Introduction Evolution is a complex process. Studying different organisms (both living and extinct) with respect to their physical, and functional characters for a long duration makes an understanding of how present-day species have evolved. Sometimes the environment and living conditions force organisms to acquire new features essential for them. Without which, the particular organism can find it difficult to survive in that environment. Suppose some organisms are introduced into a new environment and their body makeup does not fit them into the niche. They adapt to the environment by undergoing small changes so that they can succeed in their niche. ... Read More

Chemiosmotic Hypothesis

Bitopi Kaashyap
Updated on 02-Jan-2023 15:11:29
Introduction In 1961, British Biochemist Peter Dennis Mitchell coined the term chemiosmotic hypothesis. This is a biological process that explains the ATP synthesis by photosynthesis in the chloroplast. In this process, ATP and NADP both are generated by light reactions and used as a key component of dark reactions to produce the final product i.e., glucose by photosynthesis. According to the hypothesis, ATP develops as a result of the proton gradient created in the thylakoid membrane. Proton pumps and ATP synthase are also important. The enzyme ATP synthase has two subunits- F0 and F1. When F1 activates the enzyme, it ... Read More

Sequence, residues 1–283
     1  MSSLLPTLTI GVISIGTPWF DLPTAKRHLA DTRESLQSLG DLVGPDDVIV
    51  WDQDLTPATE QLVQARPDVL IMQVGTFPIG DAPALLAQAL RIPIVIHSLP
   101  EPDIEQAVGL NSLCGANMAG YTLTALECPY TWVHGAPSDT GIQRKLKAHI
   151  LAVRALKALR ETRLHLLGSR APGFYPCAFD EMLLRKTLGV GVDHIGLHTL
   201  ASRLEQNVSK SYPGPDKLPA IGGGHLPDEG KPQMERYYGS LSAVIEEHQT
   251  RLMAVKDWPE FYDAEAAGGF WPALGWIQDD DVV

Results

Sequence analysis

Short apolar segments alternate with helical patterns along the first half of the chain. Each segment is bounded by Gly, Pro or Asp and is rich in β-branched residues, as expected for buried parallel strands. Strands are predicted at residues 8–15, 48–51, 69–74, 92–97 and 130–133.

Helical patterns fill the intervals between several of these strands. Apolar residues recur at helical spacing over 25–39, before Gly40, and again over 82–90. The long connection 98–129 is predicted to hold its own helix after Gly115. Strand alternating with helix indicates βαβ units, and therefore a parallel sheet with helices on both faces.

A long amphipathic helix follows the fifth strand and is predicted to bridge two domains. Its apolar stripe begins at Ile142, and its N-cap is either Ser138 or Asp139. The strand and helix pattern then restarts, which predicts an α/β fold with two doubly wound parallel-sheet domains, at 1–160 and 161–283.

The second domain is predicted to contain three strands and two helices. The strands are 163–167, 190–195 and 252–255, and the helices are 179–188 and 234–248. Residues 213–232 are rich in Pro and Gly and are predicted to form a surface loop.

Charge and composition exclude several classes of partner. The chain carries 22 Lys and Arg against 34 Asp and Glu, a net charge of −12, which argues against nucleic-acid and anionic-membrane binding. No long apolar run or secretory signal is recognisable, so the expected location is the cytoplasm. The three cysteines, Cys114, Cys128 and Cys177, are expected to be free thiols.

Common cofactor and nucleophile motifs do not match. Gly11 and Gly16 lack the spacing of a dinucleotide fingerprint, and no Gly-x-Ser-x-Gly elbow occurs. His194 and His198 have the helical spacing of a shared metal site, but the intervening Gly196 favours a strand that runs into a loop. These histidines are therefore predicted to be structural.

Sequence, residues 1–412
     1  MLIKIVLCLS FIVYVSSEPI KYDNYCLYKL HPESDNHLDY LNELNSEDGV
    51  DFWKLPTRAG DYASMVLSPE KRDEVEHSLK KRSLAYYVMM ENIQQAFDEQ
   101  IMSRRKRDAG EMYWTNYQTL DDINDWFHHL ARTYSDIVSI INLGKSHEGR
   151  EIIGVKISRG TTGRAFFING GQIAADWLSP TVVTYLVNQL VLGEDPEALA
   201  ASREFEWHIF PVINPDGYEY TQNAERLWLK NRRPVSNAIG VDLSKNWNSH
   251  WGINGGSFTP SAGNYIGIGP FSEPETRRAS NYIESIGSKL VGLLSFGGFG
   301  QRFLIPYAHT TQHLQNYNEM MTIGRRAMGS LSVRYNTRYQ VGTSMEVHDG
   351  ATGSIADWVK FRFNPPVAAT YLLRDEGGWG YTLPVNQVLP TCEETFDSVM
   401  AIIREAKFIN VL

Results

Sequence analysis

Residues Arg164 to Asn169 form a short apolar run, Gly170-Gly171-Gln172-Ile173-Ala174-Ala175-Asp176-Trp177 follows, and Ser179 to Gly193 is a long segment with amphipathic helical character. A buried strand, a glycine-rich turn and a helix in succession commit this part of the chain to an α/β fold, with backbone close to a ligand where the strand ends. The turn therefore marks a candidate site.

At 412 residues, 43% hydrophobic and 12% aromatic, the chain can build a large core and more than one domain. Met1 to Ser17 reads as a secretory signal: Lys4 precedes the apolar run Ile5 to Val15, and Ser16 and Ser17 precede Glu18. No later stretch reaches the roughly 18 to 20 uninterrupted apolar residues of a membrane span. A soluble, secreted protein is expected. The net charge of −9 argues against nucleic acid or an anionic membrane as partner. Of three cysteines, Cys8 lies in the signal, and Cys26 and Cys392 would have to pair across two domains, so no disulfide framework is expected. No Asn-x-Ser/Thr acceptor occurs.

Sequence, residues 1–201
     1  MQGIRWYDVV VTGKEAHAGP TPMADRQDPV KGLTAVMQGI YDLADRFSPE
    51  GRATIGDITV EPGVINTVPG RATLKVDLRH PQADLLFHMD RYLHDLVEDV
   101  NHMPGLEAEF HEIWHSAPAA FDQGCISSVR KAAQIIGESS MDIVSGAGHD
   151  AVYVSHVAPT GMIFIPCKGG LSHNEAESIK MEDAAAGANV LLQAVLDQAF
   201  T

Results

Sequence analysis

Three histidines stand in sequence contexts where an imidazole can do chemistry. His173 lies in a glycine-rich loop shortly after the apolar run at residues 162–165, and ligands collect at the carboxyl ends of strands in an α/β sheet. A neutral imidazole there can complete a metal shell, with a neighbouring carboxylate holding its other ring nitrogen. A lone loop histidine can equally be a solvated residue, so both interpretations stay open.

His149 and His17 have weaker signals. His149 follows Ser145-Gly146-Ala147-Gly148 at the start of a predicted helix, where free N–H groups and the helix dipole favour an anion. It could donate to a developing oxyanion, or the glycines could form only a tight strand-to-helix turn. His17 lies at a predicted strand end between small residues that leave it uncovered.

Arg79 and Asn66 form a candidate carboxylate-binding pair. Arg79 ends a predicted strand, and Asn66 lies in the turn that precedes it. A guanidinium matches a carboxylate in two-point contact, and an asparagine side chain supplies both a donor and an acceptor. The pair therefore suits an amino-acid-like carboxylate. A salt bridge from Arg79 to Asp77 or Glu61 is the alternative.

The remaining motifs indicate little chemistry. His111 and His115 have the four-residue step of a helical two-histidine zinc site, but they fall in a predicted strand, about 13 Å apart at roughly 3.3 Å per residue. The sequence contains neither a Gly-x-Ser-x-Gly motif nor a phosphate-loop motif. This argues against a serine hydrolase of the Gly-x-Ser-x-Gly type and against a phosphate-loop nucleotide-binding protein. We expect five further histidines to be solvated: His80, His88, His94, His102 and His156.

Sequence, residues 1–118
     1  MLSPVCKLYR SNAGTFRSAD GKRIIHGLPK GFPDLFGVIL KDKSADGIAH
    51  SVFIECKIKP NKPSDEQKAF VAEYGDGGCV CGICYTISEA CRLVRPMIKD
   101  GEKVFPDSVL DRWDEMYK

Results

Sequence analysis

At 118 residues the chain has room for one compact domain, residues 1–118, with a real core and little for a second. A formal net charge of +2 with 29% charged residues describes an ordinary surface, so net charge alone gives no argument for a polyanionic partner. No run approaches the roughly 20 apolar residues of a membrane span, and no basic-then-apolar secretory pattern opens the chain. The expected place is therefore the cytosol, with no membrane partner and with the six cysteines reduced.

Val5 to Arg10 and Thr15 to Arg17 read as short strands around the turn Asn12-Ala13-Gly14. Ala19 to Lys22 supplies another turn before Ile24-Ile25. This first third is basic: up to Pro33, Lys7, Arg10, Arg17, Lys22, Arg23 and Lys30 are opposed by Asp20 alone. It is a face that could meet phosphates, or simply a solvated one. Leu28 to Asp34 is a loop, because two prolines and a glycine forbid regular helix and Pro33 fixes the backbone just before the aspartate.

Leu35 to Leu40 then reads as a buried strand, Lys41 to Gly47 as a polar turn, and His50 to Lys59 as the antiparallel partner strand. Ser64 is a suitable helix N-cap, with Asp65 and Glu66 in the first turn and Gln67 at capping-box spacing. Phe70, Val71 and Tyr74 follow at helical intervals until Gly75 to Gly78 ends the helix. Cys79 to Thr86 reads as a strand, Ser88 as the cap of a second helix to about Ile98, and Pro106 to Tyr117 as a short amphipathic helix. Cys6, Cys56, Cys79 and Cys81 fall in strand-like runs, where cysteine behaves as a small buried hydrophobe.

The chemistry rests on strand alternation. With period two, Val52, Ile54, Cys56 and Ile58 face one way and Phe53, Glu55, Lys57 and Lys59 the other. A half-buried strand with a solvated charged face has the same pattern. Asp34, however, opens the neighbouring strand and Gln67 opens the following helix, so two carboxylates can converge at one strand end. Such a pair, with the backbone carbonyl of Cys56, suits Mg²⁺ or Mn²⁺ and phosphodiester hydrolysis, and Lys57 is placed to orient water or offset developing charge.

Centromere

Bitopi Kaashyap
Updated on 02-Jan-2023 15:05:05
Introduction In essence, a centromere is a constrained area of the chromosome that plays a key role in the process of cell division in eukaryotic cells. There are various sorts of DNA structures and various jobs or roles that they can play. For the purpose of separating sister chromatids during cell division, centromeres are mainly heterochromatic regions of chromosomes. Until relatively recently, centromeres were generally contained behind multimegabase gaps, which were likened to black holes from which no information can escape because present technology cannot detect contiguous sequence for extremely repeated regions. The genetic location known as the centromere determines ... Read More

Central Dogma Inheritance Mechanism

Bitopi Kaashyap
Updated on 02-Jan-2023 17:34:27